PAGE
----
Despite Urbanization and the Growing Local Focus on
High-Tech, Agriculture Is Still a Big Part of the Area Economy
The 21st century has been a time of change for the agricultural industry in Alachua County.
Nearly 40,000 people moved into the county in the last decade, and creating housing for this influx led to a loss of 31,549 acres of forest and farmland in the last eight years alone.
Indeed, according to an October 2010 study by UF’s Food & Resource Economics Department, agriculture has a $9.22 billion total impact on the local economy, while producing 20,055 jobs.
By some measures, the industry appears to be growing, though it is clearly transforming as well. For example, the number of smaller farms is increasing and full-time farmers are diversifying, says Wendy Wilber, Alachua County Environmental Horticulture Extension agent.
“A small farm can’t make it by just raising a single crop,” she says. “If you’re truly serious about an independent farming operation, and there are 1,500 or so in the county, you have to diversify.”
How else is agriculture transforming? And how are various segments doing? To find out, The Business Report looked at the largest parts of the industry. Here’s what we learned.
Some people may not think of forestry as agriculture, “but they should,” says county forester Dave Conser.
“Growing trees commercially is the biggest agricultural endeavor in Alachua County,” he says. “Forestry is more than just logging or planting pines. It’s managing our natural resources for a sustainable yield.”
A 2005 publication by UF’s Institute of Food and Agricultural Sciences estimated that more than half of the county’s 874 square miles of land, or about 300,000 acres, was in pine plantations, managed mixed forests or woods. And, a recent University of Florida study estimated forestry contributes $400 million to the county economy while employing more than 2,000 people.
The Florida Forestry Association says the vast acreage of forests is necessary to satisfy our demand for paper products and building materials, although both of those needs have declined in recent years due to the housing downturn and cutbacks in the need for pulp wood as printed publications have decreased with the shift to the Internet.
Soon, though, there will be a new need for forest products. Gainesville’s planned biomass energy plant will burn thousands of tons of wood debris and low-quality trees to generate energy.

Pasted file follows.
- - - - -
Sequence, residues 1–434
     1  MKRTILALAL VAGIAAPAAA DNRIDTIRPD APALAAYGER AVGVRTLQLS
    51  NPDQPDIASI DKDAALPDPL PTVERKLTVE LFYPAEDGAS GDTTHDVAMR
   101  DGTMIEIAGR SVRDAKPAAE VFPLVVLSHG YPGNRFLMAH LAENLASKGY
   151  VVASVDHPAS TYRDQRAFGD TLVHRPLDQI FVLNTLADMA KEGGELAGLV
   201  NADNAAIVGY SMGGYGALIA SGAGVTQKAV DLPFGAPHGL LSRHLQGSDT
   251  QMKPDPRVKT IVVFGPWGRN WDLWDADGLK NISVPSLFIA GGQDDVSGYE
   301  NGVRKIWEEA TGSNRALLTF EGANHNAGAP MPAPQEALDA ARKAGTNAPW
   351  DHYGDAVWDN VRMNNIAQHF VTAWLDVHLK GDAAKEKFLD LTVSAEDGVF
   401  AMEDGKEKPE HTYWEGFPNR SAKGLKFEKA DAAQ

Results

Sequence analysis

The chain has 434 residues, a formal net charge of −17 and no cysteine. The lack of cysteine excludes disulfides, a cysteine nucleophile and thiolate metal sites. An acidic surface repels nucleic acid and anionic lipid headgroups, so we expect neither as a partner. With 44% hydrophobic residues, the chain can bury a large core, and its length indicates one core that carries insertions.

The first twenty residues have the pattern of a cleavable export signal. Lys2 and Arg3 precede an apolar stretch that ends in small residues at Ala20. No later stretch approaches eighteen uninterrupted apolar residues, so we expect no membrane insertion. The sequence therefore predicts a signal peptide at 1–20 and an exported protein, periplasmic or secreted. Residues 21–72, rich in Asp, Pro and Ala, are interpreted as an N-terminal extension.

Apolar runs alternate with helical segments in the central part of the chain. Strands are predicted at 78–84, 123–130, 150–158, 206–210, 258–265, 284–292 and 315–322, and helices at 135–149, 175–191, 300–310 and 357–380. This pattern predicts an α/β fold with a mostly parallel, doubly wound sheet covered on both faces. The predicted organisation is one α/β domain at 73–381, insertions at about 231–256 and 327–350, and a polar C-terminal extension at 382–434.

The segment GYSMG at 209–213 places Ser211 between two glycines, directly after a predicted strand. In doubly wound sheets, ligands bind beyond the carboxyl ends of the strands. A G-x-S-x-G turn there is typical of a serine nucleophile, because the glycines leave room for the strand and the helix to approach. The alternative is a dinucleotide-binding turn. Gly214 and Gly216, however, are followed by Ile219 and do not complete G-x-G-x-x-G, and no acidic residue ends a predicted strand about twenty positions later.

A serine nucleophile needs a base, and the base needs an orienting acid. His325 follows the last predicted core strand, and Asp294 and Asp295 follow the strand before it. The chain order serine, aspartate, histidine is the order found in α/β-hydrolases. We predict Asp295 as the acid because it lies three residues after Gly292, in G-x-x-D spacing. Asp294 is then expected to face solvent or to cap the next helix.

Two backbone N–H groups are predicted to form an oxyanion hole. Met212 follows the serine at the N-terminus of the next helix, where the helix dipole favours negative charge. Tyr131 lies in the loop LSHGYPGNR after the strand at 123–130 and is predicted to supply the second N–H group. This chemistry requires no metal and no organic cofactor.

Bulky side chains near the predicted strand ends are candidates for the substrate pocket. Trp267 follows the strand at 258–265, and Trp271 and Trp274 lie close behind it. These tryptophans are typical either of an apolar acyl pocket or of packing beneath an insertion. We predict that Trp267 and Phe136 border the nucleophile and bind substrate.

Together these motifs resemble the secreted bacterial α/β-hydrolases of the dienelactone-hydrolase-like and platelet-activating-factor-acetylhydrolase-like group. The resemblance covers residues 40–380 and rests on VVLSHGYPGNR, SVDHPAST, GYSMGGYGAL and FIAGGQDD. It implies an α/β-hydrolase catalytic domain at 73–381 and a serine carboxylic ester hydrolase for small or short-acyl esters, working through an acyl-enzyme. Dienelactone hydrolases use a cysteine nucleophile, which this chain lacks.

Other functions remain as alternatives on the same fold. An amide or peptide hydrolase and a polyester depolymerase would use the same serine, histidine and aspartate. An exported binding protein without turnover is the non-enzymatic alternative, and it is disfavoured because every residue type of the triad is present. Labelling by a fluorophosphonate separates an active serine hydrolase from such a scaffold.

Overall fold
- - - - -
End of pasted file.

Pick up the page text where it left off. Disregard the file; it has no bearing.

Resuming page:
It takes a lot of land to make a living strictly off forestry, Conser says, so most local owners treat their forests as part-time businesses.
But whether it’s full- or part-time, forestry is an industry facing numerous threats. Native problems like pine beetles have always been part of the landscape, Conser says. Now, exotic pests such as the Redbay Ambrosia Beetle are posing extreme danger. This beetle may soon eliminate bay trees east of the Mississippi River. And, because it carries laurel wilt, the Redbay Ambrosia Beetle may well destroy South Florida’s $13 million avocado business within a few years.
The other problem for foresters is increasing fragmentation of land due to suburbanization and highway development. Once a forest owner might have managed 1,000 acres that was fairly much contiguous. Now, a forest might be broken into a dozen segments split up by roads and housing developments. Because the cost of working multiple locations is significantly higher, this fragmentation ultimately could make it too expensive to farm.
There are nearly one million beef cattle in Florida and while annual cash receipts vary depending upon market conditions, cattle ranching contributed $375 million to the economy in 2009.
Roger West, current president of the Alachua County Farm Bureau, is one of the local businesspeople making money from ranching. West, who retired from the University of Florida seven years ago, has a cow-calf operation. (He raises calves, which are shipped to other states to grow to full size.) He works 2,000 acres in nine separate parcels of land, which increases his driving time and fuel costs.
“I have about 400 head and cattle are on the up-cycle now,” he says. “Prices are good, but costs, especially anything related to oil such as fuel and fertilizer, are also increasing.” So profit can vary depending on conditions that are well beyond his control.
Of course, “livestock” not only means beef cattle, but also dairy cattle, goats, hogs, sheep, llamas and alpacas, emus, chickens and horses. Goats are the major growth industry. They are raised for both meat and dairy products.